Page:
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Re: POE: post an event on tcp server from a session

by rcaputo (Chaplain)
on Jul 26, 2005 at 16:07 UTC ( #478266=note: print w/replies, xml ) Need Help??

in reply to POE: post an event on tcp server from a session

A brand new POE::Component::Server::TCP has a single session that listens for new connections. It spawns off a new session for each connection that arrives.

The server session uses the given Alias. In your code, that means "TOF" addresses the server itself. The individual connections do not have aliases. Even if they did, it would be difficult to address a particular connection without some arbitration: Which connection does "Moe" refer to?

The best pattern devised so far is to have each connection register itself with a data structure to keep track of them all. The chat server recipe in the POE Cookbook shows a relatively simple way to do this.

On a stylistic note, it is a bad idea to mix event handlers from multiple sessions in one file. It becomes difficult to tell which session a particular function belongs to.

What follows is an untested version of your original program using concepts lifted from the Chat Server recipe.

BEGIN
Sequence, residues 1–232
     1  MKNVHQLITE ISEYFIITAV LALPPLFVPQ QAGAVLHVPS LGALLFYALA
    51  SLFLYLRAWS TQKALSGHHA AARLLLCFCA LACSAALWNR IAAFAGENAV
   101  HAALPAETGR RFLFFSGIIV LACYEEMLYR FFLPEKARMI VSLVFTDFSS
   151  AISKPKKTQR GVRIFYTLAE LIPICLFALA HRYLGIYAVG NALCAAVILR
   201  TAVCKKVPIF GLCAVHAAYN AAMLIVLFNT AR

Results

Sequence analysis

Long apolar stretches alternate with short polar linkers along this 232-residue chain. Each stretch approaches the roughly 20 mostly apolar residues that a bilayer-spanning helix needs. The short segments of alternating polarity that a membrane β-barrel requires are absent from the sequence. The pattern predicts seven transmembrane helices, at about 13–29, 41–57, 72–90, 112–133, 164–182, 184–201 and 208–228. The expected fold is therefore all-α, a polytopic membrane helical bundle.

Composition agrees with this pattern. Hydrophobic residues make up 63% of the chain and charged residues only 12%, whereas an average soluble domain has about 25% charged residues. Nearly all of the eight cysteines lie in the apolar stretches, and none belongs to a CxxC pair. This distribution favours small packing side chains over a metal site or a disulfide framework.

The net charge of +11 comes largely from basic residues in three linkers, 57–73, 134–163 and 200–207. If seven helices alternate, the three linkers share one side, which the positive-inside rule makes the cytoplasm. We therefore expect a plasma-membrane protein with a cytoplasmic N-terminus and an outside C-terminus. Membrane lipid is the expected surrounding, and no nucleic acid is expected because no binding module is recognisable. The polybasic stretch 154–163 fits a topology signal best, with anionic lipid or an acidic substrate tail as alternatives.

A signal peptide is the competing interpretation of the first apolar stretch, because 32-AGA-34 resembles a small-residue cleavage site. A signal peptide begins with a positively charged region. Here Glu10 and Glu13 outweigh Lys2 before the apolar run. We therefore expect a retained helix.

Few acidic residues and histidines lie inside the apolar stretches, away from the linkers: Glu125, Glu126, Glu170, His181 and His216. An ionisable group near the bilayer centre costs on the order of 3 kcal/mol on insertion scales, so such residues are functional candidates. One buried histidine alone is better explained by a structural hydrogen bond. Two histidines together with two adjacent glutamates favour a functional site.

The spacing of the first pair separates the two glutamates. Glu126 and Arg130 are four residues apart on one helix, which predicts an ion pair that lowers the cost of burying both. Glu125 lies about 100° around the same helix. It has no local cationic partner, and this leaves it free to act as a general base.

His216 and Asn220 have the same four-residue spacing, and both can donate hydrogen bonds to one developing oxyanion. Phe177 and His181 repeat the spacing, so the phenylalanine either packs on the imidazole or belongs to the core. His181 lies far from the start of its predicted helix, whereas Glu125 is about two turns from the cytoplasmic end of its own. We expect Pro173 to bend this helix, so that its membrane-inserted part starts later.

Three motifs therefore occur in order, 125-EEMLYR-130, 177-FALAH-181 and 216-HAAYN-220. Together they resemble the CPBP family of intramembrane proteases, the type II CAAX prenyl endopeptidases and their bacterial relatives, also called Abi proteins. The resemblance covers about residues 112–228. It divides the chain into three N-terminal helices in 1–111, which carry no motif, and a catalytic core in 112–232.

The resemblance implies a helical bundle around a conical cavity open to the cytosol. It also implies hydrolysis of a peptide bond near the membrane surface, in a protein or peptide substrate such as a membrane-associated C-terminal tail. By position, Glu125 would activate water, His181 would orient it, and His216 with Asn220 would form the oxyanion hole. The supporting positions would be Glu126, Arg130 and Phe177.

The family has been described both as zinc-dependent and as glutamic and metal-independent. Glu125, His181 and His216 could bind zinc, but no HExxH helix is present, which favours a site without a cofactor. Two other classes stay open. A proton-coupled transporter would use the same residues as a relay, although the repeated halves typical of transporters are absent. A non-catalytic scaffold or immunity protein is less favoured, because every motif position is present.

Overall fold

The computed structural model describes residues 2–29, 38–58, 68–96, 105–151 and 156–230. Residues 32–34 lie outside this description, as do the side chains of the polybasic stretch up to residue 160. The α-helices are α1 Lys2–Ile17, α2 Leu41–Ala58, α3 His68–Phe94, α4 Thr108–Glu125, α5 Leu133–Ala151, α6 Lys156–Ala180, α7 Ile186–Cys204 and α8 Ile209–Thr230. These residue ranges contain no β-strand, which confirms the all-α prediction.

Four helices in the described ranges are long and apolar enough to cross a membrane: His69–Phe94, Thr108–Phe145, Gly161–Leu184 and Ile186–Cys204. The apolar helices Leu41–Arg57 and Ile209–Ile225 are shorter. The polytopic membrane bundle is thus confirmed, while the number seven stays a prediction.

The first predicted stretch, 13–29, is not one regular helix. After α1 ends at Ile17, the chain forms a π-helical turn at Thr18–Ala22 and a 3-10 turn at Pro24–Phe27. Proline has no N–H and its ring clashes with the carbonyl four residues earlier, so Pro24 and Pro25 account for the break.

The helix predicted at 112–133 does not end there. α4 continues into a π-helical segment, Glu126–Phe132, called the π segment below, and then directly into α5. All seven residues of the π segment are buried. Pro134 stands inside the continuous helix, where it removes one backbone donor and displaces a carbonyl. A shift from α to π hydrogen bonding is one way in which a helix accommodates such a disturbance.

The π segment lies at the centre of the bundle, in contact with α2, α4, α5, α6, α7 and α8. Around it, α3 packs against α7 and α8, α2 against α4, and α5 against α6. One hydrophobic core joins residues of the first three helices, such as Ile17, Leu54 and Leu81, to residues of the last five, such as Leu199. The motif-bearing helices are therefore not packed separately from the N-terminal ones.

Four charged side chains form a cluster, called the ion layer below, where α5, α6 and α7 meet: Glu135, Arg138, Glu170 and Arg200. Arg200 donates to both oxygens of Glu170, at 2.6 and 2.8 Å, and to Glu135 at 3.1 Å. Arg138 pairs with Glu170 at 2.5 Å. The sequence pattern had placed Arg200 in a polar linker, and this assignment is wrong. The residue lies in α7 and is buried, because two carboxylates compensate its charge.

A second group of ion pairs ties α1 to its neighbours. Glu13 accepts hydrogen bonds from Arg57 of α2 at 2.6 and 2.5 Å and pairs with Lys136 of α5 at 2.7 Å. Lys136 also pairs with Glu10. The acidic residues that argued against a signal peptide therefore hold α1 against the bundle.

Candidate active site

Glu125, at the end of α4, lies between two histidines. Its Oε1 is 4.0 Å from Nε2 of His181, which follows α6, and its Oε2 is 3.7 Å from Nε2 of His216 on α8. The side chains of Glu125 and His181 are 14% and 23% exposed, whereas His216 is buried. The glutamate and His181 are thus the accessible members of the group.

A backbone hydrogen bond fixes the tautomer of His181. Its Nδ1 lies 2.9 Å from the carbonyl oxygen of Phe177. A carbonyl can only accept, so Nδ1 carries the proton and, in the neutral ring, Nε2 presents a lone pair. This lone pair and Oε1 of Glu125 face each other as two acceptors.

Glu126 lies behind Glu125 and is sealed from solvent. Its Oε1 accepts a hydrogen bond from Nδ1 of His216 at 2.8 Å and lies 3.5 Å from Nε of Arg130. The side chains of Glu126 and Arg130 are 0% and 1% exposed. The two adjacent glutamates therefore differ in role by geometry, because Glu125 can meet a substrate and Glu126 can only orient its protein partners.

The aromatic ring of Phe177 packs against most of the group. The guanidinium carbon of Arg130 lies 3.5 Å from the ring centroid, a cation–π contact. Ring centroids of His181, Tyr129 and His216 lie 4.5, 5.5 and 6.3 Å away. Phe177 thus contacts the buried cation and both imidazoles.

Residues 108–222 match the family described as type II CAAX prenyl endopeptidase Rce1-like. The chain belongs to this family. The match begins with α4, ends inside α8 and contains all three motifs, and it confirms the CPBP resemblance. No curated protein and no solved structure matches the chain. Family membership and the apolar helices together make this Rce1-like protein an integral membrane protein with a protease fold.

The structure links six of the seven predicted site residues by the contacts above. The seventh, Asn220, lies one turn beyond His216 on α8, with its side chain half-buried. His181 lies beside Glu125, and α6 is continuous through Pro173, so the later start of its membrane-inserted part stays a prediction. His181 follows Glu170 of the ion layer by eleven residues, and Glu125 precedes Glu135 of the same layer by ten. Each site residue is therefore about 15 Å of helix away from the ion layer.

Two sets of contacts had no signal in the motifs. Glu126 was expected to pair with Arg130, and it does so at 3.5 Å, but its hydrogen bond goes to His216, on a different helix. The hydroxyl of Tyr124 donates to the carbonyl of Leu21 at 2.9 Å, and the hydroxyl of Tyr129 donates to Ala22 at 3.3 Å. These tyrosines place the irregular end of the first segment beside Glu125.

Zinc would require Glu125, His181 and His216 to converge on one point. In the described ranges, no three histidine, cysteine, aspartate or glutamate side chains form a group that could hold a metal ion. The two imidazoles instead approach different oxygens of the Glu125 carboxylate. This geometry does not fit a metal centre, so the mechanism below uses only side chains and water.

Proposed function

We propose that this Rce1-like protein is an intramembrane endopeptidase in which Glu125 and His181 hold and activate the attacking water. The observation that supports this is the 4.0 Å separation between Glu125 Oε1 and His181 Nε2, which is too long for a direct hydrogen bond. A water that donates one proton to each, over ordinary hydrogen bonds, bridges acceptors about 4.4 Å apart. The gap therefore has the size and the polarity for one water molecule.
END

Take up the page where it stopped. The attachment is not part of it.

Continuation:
#!/usr/bin/perl -w use strict; use YAML; sub POE::Kernel::ASSERT_DEFAULT () { 1 } use POE; use POE::Component::Server::TCP; use POE::Filter::Reference; # This hash will keep track of every connected client. It is used by # the updater session and each connection, so it's scoped where # everything can see it. my %connected_clients; { POE::Component::Server::TCP->new( Alias => 'TOF', Port => 2222, ClientFilter => ['POE::Filter::Reference'], ClientInput => \&client_input, # Register handlers for client connection and disconnection. They # will manage the contents of %connected_clients. ClientConnected => \&add_new_client, ClientDisconnected => \&remove_old_client, # InlineStates are for each client, not for the server as a whole. InlineStates => { update_client => \&update_client, }, ); sub client_input { my $input = $_[ARG0]; print 'my input = ' . YAML::Dump($input); } # Each client session has its own "update" method, scoped to the # single client. sub update_client { my $update = $_[ARG0]; my $client = $_[HEAP]->{client}; if ($client) { print 'my update is ' . YAML::Dump($update); $client->put($update); } } sub add_new_client { $connected_clients{$_[SESSION]->ID} = { # Store information about the client here. # Remote user ID? Address? Port? Whatever. # The code to send updates to clients can examine this data to # decide whether a client needs an update. For now, it's empty, # and all clients receive all updates. }; } sub remove_old_client { delete $connected_clients{$_[SESSION]->ID}; } } { POE::Session->create( inline_states => { _start => \&_start, Send_updates => \&send_update, _stop => \&_stop, }, ); sub _start { my $kernel = $_[KERNEL]; print "session started\n"; $kernel->yield('Send_update'); } sub send_update { my $kernel = $_[KERNEL]; my $update = { Header => 'update', Msg => 'Hello Server', }; # At update time, send an update to every currently connected # client. As previously mentioned, this code can examine the # contents of $connected_clients{$client_id} and skip clients that # don't need or deserve updates. foreach my $client_id (keys %connected_clients) { $kernel->post($client_id, 'update_client', $update); } $kernel->delay('Send_update', 10); } sub _stop { print "session end\n"; } } POE::Kernel->run(); exit;

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